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Watch Me Fall


Jay Reatard

Release Date:
Reviewed by:
  Infinity Milk  

Memphis is not usually known as being the sort of town to produce English and Antipodian inspired punk pop. However, amongst the cowboy boots, slide guitars and snoozefests of the home of the Memphis Blues lies Jay Reatard. Looking like Andrew W.K's younger, under-nourished brother, before his death in early 2010, Reatard was an underground legend. Playing on average a 100 shows a year, some lasting a mere 10 minutes long, Jay Lindsey (You didn't think Reatard was his real name did you?) was involved in the city's underground punk rock scene for some time working with bands such as The Bad Times, The Final Solutions, and Nervous Patterns. Watch Me Fall is Reatard's second solo release and debut album for legendary indie label Matador Records.

Now for fans of Reatard's previous works and in particular his first solo album Blood Visions, this isn't entirely breaking the mould. Opener It Ain't Gonna save me fizzes along with the same effervescent charm of classic Buzzcocks in full steam. Nothing new there then. The lyrical content is not exactly what you would call a departure either. Reatard's trademark self disgust are on full show. "Since that day, I've never been the same, tired and lonely with no one to blame. In this bedroom is where I sit, cos I don't really give a shit," moans Reatard pre chorus. Existentialism is alive and well. Lacking in eloquence maybe, Morrissey he certainly isn't, but still to the kind of punk pop blast accompanying it, a near perfect example of the Jay Reatard template.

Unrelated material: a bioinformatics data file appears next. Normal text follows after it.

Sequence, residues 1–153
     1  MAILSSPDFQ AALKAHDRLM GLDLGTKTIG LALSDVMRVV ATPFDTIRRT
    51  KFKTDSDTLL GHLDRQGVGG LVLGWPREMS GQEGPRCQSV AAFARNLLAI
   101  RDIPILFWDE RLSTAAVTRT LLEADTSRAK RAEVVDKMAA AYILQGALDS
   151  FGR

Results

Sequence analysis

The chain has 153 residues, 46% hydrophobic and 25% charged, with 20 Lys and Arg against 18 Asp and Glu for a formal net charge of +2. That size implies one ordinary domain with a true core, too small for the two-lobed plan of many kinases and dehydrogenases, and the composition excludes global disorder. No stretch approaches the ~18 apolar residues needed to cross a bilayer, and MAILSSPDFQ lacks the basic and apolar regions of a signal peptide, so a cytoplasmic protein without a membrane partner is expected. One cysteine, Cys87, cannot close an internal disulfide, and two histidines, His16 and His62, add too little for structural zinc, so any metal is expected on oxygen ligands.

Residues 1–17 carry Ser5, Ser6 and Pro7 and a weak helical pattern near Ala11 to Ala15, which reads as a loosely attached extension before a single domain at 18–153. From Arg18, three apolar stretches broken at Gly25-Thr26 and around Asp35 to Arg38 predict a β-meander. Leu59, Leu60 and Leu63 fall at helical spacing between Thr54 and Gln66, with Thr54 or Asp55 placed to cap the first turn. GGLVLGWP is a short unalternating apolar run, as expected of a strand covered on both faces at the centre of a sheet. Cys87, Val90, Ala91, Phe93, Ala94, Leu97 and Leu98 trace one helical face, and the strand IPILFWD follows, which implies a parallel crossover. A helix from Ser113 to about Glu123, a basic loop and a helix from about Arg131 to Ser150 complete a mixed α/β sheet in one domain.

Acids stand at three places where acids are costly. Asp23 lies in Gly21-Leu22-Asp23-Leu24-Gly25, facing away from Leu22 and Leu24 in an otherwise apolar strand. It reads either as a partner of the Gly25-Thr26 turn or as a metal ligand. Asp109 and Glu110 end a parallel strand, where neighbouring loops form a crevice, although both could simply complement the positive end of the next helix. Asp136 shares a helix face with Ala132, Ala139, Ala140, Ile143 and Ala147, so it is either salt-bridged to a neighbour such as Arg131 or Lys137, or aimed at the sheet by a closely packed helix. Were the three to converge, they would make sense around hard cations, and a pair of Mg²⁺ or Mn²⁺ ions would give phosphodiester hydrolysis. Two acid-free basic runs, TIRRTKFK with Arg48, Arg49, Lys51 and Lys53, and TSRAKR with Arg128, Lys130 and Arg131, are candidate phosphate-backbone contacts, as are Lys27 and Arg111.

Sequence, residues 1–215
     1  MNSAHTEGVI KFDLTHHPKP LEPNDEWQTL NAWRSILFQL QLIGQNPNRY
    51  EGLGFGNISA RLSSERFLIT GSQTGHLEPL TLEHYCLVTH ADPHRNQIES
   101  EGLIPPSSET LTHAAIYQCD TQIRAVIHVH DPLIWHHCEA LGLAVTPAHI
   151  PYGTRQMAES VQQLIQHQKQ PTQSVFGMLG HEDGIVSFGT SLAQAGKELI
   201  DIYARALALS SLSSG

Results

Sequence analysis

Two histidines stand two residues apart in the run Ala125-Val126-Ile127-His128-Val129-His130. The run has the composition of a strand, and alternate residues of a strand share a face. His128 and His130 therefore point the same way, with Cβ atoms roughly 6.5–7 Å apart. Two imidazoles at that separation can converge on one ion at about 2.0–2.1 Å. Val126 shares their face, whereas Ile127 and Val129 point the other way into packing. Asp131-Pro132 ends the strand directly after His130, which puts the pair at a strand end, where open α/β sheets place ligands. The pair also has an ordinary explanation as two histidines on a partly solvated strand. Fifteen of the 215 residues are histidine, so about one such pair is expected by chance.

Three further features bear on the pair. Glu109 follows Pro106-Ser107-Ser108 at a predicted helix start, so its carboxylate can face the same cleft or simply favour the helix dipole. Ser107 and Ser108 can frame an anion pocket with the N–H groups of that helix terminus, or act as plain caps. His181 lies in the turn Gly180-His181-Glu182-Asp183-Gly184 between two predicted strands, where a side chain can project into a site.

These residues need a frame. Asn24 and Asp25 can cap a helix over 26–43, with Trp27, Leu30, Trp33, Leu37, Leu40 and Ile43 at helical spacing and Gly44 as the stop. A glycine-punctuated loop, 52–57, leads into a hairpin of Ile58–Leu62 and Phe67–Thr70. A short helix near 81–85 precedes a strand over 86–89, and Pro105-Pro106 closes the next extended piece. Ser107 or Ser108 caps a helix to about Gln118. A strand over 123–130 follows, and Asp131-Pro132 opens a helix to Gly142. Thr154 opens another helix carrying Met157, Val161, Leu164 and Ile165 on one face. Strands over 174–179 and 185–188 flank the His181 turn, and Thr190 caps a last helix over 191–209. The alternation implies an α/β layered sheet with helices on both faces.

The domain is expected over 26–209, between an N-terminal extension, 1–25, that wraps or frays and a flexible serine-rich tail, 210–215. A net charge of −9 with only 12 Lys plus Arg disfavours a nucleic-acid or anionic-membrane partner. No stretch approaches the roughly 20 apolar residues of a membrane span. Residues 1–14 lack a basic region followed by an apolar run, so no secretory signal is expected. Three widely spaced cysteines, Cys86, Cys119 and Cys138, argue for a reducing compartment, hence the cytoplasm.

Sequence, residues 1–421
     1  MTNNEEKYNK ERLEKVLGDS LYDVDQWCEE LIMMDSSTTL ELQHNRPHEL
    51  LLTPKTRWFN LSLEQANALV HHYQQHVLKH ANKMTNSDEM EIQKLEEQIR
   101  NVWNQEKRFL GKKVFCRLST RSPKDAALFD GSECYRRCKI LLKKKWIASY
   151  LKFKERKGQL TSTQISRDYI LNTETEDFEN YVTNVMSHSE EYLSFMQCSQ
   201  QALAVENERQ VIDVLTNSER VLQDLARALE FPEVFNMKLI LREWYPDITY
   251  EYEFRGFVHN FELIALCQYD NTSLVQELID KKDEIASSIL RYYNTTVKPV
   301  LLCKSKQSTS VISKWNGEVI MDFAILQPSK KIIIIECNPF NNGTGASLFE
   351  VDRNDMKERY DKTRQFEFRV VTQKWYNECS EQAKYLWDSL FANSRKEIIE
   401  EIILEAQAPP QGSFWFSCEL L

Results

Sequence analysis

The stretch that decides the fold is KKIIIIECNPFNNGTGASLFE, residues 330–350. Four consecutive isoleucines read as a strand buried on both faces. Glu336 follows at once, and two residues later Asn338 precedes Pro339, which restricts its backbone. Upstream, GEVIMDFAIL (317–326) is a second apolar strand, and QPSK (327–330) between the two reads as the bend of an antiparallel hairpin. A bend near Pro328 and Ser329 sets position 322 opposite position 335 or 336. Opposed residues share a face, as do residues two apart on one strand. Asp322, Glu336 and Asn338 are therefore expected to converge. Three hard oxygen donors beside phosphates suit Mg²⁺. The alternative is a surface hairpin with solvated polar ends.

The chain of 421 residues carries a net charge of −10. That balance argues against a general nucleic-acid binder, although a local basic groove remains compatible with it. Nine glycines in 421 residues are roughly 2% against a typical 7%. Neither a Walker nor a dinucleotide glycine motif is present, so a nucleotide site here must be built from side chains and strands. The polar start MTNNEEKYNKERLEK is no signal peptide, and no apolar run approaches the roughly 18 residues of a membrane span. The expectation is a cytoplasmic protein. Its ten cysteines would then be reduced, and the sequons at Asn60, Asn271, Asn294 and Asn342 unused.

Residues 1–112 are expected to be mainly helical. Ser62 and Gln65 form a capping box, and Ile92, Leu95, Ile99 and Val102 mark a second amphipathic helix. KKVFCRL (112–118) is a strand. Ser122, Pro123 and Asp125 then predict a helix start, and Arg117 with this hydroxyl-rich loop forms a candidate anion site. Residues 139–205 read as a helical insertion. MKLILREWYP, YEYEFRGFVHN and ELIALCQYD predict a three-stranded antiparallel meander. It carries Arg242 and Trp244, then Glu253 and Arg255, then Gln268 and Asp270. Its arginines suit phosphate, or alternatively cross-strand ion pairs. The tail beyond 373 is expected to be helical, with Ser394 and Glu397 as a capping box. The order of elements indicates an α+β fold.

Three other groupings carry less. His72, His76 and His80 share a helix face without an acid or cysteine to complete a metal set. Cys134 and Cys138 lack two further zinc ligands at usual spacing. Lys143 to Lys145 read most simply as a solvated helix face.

Before I Was Caught has the sort of intro that chugs along like the Who trying to fit in with 77s new crop of upstarts. "Sometimes I have too long to think, and it becomes way too much", he sings and I know the feeling, Jay. Thankfully for us the listener, Jay has channelled this frustration into a bloody good song that, wait for it, has a lovely outcome. Well, an outcome might be a tad presumptuous and lovely isn't really the word I was going for...hmmm, it turns out the protagonist of the song is lamenting the waste of his existence pre incarceration. Should of seen that one coming really. Oh well, it's no biggie, because the song doesn't really have a chorus at all and I like that. The same chuggy Who-like intro doubles as a divider of verses serving up a little treat.

From here however, a problem arises. The main one being Reatard's troubling and slightly embarrassing to these ears, British accents. Too many of the songs early on are spoilt by a horrible, clichéd British punk vocal impressions. Can't Do It Anymore, Faking It, and Man of Steel are all lost to it. In fact, the latter sounds like a Supergrass rarity that didn't make it on to I Should Coco. Oh Dear.

Thankfully there are moments in the second half of the record that make up for this early annoyance. Wounded sounds like a lost Cure single and has some of the best backing vocals heard this year. It is a welcome change of sound. Nothing Now is a slow burning melodrama, that bursts into life half way through. It also produces some of Reatard's best lyrics on the album. "You've had your whole life to think things over, and spent the last year looking over your shoulder" is a simple yet menacing line. There Is No Sun is a great surprise as a closer. More sixties jangle pop than anything Reatard could claim to have produced before and could even go down as his own attempt at a dark anthem to rival Paint it Black. "There is no Sun for Me" is the closing refrain with waves of cello in the backing adding a more grown up touch than we heard earlier.

It's safe to say this album is a mixed bag, equally annoying as it is sublime in places. It does suggest though, particularly in the closing tracks, that Jay Reatard will be a name to remember for years to come. Before his untimely death, you wanted Mr Reatard to keep pushing forward and leave the lame-o Sounds of the Suburbs impressions for others less talented . Remember the Cello.

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